Mr. Frank Pryor is a veteran of one of the bloodiest battles in Marine Corps history. He spent twenty-three days in the fight on the island of Iwo Jima during World War II.
He was motivated to join the miltary after the Pearl Harbor attack and picked the Marines so he would be sent right away to the front line.
After serving on Iwo Jima and surviving the carnage on that small island, Mr. Pryor then spend nine months in Japan for the occupation. He returned to the states, left the Marines and attended college.
In addition to our on camera interview about his service Mr. Pryor took time to answer the following 10 questions that offer a closer look at his life and his service..
1. What one person influenced you most in life?
My dad. He was a good role model. He taught me how to be mechanical and I always admired him.
2. Do you feel honored and respected for serving your country?
Yes. People often come up and thank me and I always appreciate it.
3. How can people thank you for your service?
A handshake and a thank you means the most.
4. How do you honor your fellow service men and women?
I try to thank them whenever I see them. I shake their hand and thank them for serving.
5. How do you think this generation of service men and women is different or similar to yours?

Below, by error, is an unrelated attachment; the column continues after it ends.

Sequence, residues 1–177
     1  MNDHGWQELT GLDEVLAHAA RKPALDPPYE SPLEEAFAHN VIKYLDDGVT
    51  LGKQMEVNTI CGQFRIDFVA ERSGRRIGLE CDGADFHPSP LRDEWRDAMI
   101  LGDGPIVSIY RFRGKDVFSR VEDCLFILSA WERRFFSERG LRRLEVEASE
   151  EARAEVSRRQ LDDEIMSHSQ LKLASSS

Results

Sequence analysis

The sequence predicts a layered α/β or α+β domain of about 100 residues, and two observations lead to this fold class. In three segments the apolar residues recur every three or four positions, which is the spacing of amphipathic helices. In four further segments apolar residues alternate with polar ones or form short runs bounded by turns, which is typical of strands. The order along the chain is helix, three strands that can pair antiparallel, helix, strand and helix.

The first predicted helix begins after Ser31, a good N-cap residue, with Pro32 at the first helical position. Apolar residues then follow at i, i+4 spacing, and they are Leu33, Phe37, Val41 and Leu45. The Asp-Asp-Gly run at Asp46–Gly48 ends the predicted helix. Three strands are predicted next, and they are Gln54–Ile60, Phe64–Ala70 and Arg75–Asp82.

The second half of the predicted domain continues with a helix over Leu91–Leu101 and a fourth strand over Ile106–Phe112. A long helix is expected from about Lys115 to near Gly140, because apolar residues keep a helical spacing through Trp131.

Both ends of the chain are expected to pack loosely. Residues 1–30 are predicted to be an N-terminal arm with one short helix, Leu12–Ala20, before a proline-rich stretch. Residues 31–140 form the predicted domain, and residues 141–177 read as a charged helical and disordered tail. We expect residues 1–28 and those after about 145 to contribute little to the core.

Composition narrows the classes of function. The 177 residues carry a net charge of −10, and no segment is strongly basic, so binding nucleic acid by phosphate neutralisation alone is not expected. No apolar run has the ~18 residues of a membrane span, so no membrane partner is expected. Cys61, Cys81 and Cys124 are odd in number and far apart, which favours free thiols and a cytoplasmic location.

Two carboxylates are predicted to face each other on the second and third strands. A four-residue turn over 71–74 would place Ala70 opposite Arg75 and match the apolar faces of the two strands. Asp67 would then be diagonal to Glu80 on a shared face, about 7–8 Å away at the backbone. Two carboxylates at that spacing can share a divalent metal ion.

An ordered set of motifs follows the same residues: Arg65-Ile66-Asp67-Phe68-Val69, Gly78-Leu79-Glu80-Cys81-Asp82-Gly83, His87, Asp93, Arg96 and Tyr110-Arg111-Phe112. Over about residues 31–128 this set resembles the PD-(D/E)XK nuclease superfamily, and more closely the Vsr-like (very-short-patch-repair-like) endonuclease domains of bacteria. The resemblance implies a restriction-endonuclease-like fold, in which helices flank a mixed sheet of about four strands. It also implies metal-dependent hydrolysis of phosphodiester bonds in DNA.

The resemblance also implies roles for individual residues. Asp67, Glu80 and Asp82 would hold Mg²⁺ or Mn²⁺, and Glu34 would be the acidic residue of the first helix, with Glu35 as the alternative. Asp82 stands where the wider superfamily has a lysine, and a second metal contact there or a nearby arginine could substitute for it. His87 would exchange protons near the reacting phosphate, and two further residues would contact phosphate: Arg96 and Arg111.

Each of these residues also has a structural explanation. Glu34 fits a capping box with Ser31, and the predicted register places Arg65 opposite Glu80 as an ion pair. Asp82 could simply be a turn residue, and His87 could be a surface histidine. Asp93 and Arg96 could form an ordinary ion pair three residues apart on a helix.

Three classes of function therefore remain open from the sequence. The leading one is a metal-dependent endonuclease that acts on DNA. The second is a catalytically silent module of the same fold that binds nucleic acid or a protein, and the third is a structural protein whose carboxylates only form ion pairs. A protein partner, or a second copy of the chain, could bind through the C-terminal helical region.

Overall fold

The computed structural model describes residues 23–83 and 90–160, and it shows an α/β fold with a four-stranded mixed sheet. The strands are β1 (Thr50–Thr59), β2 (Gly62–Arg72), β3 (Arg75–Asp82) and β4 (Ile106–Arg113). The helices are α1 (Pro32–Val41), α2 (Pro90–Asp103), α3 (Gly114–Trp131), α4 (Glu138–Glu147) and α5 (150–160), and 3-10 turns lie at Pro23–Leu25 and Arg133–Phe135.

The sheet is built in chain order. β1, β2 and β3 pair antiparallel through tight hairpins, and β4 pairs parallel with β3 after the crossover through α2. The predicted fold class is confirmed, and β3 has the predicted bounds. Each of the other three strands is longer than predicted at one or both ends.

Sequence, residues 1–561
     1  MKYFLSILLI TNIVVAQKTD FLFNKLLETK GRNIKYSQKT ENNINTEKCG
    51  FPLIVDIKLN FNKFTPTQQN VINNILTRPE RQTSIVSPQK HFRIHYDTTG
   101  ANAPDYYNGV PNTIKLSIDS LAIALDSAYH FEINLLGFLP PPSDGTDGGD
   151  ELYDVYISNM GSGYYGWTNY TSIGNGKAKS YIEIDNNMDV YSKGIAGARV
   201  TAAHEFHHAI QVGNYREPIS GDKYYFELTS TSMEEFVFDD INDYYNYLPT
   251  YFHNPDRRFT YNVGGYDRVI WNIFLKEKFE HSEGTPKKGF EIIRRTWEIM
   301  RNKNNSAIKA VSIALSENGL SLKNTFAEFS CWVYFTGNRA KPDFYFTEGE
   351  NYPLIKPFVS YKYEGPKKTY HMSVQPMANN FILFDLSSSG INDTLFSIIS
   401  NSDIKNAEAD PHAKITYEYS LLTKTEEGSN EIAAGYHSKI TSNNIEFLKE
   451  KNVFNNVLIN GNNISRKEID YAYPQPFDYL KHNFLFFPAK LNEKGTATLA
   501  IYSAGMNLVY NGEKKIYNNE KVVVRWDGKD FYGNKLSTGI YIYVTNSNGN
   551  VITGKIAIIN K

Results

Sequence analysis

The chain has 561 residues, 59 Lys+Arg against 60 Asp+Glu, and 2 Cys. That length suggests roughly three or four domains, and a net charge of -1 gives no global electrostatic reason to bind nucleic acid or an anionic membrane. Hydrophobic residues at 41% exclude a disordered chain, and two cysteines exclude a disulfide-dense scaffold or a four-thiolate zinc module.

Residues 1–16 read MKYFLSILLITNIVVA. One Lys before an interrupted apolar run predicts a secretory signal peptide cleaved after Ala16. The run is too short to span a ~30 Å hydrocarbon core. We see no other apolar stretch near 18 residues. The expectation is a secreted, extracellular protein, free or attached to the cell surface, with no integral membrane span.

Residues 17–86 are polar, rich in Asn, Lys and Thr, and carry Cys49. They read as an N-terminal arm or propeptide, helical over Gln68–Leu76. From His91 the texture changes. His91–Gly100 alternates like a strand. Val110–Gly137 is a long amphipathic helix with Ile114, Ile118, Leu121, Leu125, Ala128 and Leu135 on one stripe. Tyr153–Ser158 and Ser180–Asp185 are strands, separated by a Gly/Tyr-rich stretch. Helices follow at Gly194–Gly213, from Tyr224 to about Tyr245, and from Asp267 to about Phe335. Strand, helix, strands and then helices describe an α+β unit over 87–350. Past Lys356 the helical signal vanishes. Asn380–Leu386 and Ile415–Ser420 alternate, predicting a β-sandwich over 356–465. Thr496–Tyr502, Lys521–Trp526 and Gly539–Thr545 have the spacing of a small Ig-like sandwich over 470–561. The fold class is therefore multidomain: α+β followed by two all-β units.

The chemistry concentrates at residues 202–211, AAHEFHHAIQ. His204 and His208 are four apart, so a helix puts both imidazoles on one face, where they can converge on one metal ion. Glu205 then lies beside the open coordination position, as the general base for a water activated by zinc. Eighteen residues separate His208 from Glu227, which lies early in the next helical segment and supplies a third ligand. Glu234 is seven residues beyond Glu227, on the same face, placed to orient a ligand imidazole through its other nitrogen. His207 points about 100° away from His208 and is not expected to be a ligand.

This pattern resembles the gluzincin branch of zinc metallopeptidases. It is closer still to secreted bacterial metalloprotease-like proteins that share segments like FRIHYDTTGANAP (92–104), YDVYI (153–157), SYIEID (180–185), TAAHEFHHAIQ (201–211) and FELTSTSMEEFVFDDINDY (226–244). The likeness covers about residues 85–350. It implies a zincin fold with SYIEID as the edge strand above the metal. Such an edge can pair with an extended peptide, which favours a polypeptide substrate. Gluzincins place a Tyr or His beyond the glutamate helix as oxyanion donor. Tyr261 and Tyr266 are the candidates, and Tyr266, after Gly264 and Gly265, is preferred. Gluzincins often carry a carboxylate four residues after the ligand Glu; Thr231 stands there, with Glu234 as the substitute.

I think that the younger generation is much smarter. They are well trained and I admire the skills they have and are learning in the military.
6. What influence did your military service have on the rest of your life?
It helped give me an education. That was probably the most important thing I took away from the service. I was able to get a four year degree from Oklahoma State University.
7. Does your family have a history of military service?
No. My two siblings did not serve.
8. Would you encourage younger generations in your family to join the service?
I don't have that opportunity now but I would certainly encourage young people to join the service. They can learn a lot in the military and receive that same benefit of receiving a college education after their service.
9. How has your opinion of war changed?
I wish there was no war. If we lived the way Jesus wants us to lead our lives it wouldn't be necessary. If people loved their neighbors as they love themselves or their families we wouldn't need war.
10. How did your military experience shape your faith?
It strengthened my faith. I prayed everyday I was on Iwo Jima that I would survive and by the grace of God I did survive.